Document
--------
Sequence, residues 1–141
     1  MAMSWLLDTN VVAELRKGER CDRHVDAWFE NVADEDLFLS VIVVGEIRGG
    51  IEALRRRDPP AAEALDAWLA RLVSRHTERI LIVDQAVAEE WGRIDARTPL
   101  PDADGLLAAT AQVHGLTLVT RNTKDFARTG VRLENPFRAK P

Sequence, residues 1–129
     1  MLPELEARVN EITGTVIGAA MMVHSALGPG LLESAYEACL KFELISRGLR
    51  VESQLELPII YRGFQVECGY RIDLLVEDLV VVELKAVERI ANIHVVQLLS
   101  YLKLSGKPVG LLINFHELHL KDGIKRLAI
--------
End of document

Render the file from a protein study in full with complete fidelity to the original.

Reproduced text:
Sequence, residues 1–141
     1  MAMSWLLDTN VVAELRKGER CDRHVDAWFE NVADEDLFLS VIVVGEIRGG
    51  IEALRRRDPP AAEALDAWLA RLVSRHTERI LIVDQAVAEE WGRIDARTPL
   101  PDADGLLAAT AQVHGLTLVT RNTKDFARTG VRLENPFRAK P

Sequence, residues 1–129
     1  MLPELEARVN EITGTVIGAA MMVHSALGPG LLESAYEACL KFELISRGLR
    51  VESQLELPII YRGFQVECGY RIDLLVEDLV VVELKAVERI ANIHVVQLLS
   101  YLKLSGKPVG LLINFHELHL KDGIKRLAI